Have you ever struggled with giving condolences? Me, too.
Grief is intimidating to see. Part of it is that we know we’ll feel it one day for someone we love–or we’ve already felt it–and that reminder can be painful. Well-meaning friends and relatives can often trip on themselves when trying to give comfort. We don’t face the concept of death very often, most of us, so it’s no wonder awkward condolences are pretty common.
But no harm is meant. No matter how it comes out of their mouths, it’s meant to comfort. So here are some things you may not want to say to a grieving loved one, and then, I’ll give you a simple, no-fail, comforting sentence.
I know how you feel.
You don’t. I don’t. No one knows how someone else feels, even if they’ve gone through the same thing. Because grief is as individual as people are. Everyone grieves differently, so it’s impossible to know how another feels.
At least she’s in a better place.
That may very well be true, and many do believe it, but the truth is that most of us would far prefer for our loved ones to still be here, with us. Of course, we don’t want them to suffer, but the “better place” concept is best saved for a time when grief is not so raw and only for someone with whom you share a spiritual bond.
It’s God’s will.
Maybe it is and maybe it isn’t–we don’t know because we don’t have a hotline to God. Either way I guarantee you that it’s not something most mourning families want to hear. Very few people are comforted by the idea that God chose to take a loved one prematurely. Or at all.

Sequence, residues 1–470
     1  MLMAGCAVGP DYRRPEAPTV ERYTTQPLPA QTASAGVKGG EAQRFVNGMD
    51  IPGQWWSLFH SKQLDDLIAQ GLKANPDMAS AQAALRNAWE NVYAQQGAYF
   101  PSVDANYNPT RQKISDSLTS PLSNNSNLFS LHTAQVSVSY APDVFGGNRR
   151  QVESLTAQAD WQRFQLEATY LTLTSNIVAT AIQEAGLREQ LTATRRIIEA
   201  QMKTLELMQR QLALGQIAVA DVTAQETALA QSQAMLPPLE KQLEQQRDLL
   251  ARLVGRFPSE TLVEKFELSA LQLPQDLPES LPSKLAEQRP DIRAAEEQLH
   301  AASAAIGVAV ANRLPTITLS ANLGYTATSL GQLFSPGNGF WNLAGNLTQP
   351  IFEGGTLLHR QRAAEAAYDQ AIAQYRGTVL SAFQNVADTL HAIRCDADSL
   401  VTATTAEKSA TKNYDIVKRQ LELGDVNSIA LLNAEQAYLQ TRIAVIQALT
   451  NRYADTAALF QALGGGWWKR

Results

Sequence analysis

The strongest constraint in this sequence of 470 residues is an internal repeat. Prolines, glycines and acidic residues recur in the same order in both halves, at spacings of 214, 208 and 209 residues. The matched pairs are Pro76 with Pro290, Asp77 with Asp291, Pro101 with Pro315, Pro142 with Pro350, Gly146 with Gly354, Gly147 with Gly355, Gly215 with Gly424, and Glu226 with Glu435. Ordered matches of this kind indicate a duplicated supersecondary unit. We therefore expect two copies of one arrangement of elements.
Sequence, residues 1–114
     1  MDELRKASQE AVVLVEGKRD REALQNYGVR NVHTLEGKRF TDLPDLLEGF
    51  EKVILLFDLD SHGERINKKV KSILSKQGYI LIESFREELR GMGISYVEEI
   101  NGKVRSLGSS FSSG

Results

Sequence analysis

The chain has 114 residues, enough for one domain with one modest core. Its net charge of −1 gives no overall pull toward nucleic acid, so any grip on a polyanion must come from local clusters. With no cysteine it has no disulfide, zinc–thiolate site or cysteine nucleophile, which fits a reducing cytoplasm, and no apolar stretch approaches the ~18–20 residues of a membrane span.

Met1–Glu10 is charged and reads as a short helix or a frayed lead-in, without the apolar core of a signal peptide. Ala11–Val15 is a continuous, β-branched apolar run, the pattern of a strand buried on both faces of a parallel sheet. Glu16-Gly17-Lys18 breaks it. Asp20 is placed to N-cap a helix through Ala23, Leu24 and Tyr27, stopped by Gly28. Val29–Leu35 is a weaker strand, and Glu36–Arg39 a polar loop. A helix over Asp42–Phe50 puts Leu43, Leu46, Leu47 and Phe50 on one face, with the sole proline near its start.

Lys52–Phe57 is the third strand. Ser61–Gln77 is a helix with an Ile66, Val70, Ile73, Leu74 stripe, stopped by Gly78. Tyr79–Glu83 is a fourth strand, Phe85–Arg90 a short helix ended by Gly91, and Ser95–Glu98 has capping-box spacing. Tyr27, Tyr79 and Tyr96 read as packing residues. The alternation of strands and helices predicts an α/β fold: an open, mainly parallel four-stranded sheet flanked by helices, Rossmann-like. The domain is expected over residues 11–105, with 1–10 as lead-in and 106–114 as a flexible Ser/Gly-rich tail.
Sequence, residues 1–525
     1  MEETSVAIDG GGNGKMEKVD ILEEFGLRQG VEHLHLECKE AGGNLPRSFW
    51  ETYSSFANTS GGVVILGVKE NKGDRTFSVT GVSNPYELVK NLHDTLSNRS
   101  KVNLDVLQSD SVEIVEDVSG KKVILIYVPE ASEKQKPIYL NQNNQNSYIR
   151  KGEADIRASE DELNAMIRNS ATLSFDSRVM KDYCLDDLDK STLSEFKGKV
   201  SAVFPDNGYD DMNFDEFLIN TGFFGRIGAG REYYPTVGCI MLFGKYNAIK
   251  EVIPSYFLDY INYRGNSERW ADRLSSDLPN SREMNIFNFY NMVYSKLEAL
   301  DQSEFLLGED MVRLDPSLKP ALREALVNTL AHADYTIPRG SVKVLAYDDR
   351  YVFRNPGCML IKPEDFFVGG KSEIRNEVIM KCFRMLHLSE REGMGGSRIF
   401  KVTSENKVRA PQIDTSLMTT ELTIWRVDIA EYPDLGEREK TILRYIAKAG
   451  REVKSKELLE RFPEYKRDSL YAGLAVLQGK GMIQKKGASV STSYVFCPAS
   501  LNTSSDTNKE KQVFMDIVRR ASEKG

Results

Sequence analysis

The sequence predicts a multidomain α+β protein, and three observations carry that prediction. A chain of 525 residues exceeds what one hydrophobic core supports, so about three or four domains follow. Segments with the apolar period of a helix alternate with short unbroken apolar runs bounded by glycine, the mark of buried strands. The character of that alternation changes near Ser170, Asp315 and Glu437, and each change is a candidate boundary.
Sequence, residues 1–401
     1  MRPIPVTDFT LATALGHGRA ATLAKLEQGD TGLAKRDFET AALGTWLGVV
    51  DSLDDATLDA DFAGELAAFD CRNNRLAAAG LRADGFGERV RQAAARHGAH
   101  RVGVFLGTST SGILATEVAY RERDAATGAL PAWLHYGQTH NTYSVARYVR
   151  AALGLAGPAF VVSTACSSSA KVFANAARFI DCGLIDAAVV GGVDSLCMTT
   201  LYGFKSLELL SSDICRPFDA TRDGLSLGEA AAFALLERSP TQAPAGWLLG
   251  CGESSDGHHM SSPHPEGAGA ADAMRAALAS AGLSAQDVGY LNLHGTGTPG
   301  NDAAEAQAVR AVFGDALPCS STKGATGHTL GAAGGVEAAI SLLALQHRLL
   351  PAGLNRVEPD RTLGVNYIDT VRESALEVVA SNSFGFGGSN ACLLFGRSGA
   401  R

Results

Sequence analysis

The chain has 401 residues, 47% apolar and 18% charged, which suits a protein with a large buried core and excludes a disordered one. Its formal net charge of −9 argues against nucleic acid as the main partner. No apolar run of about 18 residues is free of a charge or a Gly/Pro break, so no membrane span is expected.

This, too, will pass.
It won’t. That’s the thing. Losing a loved one drills a hole in our hearts that stays forever. Sure, grief transforms, but it never passes. Sometimes, it cycles. I can go weeks without tearing up and then, as happened this week, I think of her and the tears come. That heart-hole is real. Grief doesn’t pass. Those are realities.
Others have gone through this and survived.
It’s absolutely true. And it is absolutely no comfort. This is an observation best left for mourners to discover, themselves. People mean to be helpful, but it comes across as cold and uncaring.
Time will heal.
Not really. See “This, too, will pass” above.
So, how do we keep from upsetting a grieving loved one?
This is all you have to say:
“I am so sorry for your loss.”
That’s all it takes. I’m sorry. That, and a hug, if appropriate. Then, let them say what they need to. Or if they’re silent, that’s ok, too. You don’t need to fill the silence. Just a touch of the hand, deep eye contact, a comforting look. That’s all.
Later, a sympathy card with a kind note is appropriate. If you knew the person who died, you might share a happy memory: “I remember how Uncle Jack would take us for rides in the summer. He was always so good to us kids.”
And of course,if you’re distant from the loved one and would like to send a gift, I hope you will consider my beautiful and affordable condolence packages.
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